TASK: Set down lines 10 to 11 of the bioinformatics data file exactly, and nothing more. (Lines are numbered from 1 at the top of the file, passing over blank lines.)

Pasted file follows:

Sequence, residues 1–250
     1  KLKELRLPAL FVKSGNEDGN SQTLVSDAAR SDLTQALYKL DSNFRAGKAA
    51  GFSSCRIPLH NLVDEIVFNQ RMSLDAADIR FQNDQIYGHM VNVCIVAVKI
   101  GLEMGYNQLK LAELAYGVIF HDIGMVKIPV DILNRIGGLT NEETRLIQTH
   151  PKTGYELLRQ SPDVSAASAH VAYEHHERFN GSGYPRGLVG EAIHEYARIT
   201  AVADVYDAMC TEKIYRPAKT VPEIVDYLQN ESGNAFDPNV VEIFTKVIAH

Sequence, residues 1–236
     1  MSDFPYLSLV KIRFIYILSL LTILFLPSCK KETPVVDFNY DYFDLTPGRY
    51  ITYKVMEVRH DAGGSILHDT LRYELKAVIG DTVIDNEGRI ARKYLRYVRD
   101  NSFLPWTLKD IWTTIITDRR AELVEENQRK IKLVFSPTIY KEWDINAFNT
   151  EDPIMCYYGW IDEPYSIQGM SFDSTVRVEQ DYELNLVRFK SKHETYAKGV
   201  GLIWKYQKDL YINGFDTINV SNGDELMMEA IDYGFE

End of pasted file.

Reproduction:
   101  NSFLPWTLKD IWTTIITDRR AELVEENQRK IKLVFSPTIY KEWDINAFNT
   151  EDPIMCYYGW IDEPYSIQGM SFDSTVRVEQ DYELNLVRFK SKHETYAKGV